Updated at 2:45 p.m.
The Florida Gators on Sunday fired offensive coordinator Brent Pease and offensive line coach Tim Davis less than 24 hours after the team fell 37-7 to the No. 2 Florida State and competed its worst season since 1979.
“I have a lot of respect for Coach Pease and Coach Davis,” said Gators head coach Will Muschamp in a school release. “They are both good football coaches and even better people. There have been a lot of unfortunate circumstances this year, but that is part of the game sometimes. I want to thank each of them for their contributions to the program both on and off the field.”
According to CBSSports.com‘s Bruce Feldman, Pease and Davis had “friction” throughout the season and were “never on the same page.”
Pease was hired by Muschamp before the 2012 season and charged with an improving an offense that ranked 105th nationally under Charlie Weis, who left to become head coach at Kansas after the 2011 campaign.
“I am grateful for the opportunity to come to the University of Florida and work with a bunch of great coaches, administrative staff and players,” Pease said in the same release. “I know we came up short of our ultimate goal, but I will carry on knowing I gained valuable friendships and relationships during my time here.”
The Gators finished 103rd in total offense under Pease in 2012, averaging 334.4 yards per game. UF was even worse in 2013, coming in 112th nationally with an average net gain of just 316.7 yards per contest.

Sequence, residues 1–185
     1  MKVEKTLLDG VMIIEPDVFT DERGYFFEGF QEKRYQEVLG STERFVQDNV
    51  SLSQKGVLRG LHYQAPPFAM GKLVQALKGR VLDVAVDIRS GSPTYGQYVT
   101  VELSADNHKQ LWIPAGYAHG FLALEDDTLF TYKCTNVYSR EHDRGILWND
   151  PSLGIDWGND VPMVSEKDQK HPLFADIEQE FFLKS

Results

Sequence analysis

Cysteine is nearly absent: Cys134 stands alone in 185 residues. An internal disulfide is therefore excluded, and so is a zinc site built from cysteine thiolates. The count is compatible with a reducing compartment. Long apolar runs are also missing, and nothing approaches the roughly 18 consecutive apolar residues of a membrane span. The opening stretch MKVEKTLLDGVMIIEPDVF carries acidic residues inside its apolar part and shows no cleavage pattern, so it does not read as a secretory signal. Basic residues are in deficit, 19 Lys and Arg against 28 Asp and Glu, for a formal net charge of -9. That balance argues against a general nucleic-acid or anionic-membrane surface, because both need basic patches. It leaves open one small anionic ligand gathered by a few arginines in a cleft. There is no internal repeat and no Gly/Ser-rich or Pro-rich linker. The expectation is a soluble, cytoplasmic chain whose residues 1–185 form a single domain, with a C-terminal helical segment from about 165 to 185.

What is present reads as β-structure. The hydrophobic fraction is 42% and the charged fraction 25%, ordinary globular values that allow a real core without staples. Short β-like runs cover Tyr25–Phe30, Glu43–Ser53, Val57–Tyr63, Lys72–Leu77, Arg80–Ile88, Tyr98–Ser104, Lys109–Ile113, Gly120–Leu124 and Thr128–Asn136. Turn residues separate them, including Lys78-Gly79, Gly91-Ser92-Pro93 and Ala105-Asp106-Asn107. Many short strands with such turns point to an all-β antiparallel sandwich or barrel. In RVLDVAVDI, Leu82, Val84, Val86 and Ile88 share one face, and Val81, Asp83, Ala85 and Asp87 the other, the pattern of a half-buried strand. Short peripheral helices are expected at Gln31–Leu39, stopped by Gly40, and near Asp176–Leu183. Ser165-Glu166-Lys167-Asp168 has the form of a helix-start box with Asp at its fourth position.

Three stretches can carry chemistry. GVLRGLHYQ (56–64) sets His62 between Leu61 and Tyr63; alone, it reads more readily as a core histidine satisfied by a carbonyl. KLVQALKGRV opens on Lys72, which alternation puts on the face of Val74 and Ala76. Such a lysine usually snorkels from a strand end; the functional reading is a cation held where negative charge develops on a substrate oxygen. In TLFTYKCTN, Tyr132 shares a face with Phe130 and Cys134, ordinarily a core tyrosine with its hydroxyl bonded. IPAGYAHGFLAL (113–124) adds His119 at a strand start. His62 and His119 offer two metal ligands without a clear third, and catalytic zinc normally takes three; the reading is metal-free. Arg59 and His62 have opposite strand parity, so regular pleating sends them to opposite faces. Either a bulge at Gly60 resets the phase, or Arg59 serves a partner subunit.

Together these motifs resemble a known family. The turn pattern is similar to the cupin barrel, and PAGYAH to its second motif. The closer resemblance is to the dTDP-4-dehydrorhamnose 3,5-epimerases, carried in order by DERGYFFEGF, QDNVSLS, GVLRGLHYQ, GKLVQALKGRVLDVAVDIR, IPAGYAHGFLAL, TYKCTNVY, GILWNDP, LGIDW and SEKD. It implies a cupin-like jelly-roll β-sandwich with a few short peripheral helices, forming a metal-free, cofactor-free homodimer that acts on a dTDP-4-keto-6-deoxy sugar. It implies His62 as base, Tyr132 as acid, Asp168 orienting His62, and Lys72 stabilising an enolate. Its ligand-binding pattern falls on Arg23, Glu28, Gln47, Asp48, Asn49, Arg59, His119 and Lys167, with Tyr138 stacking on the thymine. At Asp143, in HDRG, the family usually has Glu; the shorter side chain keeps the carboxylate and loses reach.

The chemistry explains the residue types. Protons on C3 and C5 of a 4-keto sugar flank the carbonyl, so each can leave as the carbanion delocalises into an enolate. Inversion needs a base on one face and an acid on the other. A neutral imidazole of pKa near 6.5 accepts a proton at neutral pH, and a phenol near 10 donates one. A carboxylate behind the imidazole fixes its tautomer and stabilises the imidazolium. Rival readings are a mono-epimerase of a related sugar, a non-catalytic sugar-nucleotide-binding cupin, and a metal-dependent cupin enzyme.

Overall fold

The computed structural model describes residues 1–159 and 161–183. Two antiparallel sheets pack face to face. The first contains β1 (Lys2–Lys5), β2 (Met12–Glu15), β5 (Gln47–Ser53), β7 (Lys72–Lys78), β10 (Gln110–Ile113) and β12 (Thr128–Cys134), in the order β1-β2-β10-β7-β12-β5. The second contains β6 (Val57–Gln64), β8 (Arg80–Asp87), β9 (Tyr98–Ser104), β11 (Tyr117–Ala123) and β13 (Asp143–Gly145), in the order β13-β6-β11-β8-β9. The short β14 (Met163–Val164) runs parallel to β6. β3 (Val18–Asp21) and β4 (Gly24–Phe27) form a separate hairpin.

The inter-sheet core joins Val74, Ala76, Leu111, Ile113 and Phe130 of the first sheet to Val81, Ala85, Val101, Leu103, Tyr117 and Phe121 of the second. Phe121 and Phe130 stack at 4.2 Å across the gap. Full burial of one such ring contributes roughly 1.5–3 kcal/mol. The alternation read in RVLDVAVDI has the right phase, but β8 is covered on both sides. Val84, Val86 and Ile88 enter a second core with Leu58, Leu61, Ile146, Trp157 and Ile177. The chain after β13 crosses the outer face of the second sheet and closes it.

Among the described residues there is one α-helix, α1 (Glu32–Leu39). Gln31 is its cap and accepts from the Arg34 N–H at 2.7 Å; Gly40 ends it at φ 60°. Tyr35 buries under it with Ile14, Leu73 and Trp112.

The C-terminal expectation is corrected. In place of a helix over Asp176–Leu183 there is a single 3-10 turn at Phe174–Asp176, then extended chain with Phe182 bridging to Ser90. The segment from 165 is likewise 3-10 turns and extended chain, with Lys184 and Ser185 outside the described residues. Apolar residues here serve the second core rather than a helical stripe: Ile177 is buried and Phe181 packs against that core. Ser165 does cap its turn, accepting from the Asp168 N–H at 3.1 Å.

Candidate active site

Florida’s offense averaged 414 yards over its first two games before junior quarterback Jeff Driskel was lost for the season with a broken fibula. The Gators also played most of the season without their top three offensive tackles, starting running back and one of their expected starting wide receivers.
Nevertheless, Florida never scored more than 44 points in a single game under Pease and only eclipsed 30 points seven times in his 25 games as the team’s offensive coordinator. The Gators averaged 26.5 points per game in 2012 (76th nationally) and only 18.8 per contest in 2013 (111th nationally).
“You got to change the scoreboard offensively. You got to be able to change the scoreboard. We’ve just struggled scoring points offensively. It’s been a week-in, week-out occurrence. My job to get it fixed and it will get fixed,” Muschamp said after UF fell 26-20 to Georgia Southern two Saturdays ago. “It’s very difficult for us to create explosive plays to get anything down the field. Just don’t ever do it.”